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Exploration and Settlement of Georgia

In 1540, the Spanish explorer Hernando De Soto was probably the first European to explore what is today Georgia. The French made a brief appearance at this time, but were quickly expelled by Spanish forces from Florida. In 1566, the Spanish established a fort on St. Catherines Island, south of present-day Savannah, the first of a series of fortified positions along the coast. This region was known to the Spanish as Guale. In 1663, England reasserted an earlier claim to the area when Charles II granted rights in greater Carolina to the eight “lords proprietor.” In 1670, the new owners established a settlement at Charles Town in present-day South Carolina. Ten years later, they managed to dislodge the Spanish from St. Catherines Island. Although the Spanish power center had retreated into Florida, a bloody contest with the English continued for decades.

Early Georgia Map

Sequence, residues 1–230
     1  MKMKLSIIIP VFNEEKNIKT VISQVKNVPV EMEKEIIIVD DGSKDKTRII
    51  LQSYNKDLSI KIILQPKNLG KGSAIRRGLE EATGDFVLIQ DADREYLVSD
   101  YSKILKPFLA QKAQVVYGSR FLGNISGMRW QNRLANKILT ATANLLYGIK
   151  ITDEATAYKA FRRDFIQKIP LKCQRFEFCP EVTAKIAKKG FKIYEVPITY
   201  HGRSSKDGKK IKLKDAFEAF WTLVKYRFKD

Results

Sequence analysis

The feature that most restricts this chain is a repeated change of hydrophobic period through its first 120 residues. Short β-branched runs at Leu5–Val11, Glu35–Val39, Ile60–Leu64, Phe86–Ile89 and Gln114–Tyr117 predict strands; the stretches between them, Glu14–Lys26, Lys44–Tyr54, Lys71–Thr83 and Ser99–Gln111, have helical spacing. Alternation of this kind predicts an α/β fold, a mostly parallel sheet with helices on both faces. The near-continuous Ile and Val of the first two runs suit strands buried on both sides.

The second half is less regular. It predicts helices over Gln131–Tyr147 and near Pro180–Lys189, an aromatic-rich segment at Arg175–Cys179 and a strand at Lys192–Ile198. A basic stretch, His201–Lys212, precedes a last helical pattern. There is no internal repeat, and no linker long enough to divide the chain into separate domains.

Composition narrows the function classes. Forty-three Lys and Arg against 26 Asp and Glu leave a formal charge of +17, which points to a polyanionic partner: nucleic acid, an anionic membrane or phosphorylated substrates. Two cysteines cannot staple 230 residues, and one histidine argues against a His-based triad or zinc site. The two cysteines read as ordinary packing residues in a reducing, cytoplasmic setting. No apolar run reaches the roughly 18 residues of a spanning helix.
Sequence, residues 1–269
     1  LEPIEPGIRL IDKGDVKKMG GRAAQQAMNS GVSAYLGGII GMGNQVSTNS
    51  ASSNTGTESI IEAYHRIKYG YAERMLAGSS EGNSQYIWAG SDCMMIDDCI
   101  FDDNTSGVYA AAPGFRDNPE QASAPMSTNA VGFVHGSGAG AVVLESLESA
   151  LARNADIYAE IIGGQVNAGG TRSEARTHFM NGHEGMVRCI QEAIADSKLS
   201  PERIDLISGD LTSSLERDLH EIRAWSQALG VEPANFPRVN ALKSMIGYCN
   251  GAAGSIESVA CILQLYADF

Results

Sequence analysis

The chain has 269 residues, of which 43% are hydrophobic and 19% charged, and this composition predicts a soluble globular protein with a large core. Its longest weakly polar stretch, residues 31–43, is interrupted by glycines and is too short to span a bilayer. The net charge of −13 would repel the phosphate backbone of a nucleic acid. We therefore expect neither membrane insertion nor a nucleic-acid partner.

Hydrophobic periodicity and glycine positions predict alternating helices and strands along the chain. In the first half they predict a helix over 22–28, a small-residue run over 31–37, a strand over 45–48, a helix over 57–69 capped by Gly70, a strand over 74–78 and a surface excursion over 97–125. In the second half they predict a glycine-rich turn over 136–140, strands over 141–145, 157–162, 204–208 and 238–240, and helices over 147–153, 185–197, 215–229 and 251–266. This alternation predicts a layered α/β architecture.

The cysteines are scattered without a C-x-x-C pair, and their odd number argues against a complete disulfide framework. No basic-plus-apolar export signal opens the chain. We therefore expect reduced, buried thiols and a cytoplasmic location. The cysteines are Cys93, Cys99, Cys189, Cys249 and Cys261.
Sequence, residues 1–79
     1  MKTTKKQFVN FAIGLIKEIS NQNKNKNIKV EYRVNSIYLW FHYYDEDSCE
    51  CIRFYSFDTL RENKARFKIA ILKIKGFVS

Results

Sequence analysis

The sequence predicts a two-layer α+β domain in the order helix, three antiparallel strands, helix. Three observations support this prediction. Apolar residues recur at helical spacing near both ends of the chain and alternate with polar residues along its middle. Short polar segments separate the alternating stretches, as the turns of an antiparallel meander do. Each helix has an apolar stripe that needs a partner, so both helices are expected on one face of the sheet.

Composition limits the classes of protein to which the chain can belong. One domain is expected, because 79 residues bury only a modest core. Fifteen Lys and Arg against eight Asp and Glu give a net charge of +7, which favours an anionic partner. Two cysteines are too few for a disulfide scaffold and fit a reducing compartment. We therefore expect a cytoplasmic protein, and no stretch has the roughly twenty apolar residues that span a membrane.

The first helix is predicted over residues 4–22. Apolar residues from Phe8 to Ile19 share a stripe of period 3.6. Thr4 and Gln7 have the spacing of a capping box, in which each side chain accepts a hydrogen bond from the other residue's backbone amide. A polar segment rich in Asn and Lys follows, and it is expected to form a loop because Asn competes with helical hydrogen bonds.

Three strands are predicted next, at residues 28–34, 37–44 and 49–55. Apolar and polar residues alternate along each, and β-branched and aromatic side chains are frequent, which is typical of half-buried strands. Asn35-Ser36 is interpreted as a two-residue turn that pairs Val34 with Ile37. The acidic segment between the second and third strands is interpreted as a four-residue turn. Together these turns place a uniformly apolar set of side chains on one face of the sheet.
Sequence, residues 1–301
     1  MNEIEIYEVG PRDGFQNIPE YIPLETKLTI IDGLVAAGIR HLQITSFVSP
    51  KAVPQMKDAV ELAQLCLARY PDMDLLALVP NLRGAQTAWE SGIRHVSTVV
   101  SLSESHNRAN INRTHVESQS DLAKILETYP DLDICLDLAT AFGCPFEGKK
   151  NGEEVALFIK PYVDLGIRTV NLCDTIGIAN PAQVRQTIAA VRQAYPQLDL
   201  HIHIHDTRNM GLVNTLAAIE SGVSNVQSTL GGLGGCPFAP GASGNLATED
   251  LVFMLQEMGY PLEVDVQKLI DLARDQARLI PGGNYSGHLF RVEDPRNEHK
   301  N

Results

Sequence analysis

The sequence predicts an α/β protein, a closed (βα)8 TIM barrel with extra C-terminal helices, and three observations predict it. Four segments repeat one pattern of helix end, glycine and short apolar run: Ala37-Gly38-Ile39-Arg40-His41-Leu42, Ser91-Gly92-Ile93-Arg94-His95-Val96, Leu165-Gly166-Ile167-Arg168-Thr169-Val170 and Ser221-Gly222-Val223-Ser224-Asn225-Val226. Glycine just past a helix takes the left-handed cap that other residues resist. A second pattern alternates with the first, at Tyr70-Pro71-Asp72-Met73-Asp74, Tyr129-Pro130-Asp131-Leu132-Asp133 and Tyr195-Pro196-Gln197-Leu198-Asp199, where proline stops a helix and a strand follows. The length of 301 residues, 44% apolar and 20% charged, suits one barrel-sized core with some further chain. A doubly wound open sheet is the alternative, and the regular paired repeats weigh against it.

In 1732, George II granted the lands between the Savannah and Altamaha rivers to General James Oglethorpe and a group of other trustees; in gratitude, the trustees named the colony after the king. In recent years, proprietary colonies had been largely unsuccessful, which led to a modified form of proprietorship. Under this arrangement, the trustees were not permitted to make a profit from the venture and the charter was to be returned to the Crown after 21 years. Motivation for the new venture included the Crown’s desire to maintain a buffer between South Carolina, one of the most prosperous English colonies, and the Spanish to the south. The trustees, for their part, hoped to found a colony that would provide a second chance for debtors, and sought to promote hard work by outlawing slavery and liquor. To support stability in the colony, the purchase or sale of land was prohibited - land speculators had caused problems in other areas and were not welcome in Georgia. The trustees also hoped that Georgia could be a source of silk and in the early years required the settlers to plant mulberry trees. However, the silk worms never thrived. In early 1733, Oglethorpe and a group of settlers arrived at the present site of Savannah. Three years later, another settlement was established at Augusta, inland on the Savannah River. Persistently tense relations with the Spanish culminated in the Battle of Bloody Marsh on St. Simons Island in 1742. Oglethorpe's victory marked the end of the Spanish threat in Georgia. In 1752, the Georgia trustees surrendered their charter, having established a generally successful colony of middle- and small-sized farms. However, Oglethorpe regarded the venture as a failure. The population remained small and weak. Few debtors were brought to the colony, but slavery and alcohol became commonplace. The prosperous examples of the colonies to the north influenced Georgia to rescind its prohibition on slavery, which signaled the start of a plantation society dominated by rice, Indigo, and slave labor. Royal colonial status was created in 1754. Despite its weakness, Georgia was a valuable part of the British Empire and was home to a large and vocal Loyalist population on the eve of the War of Independence.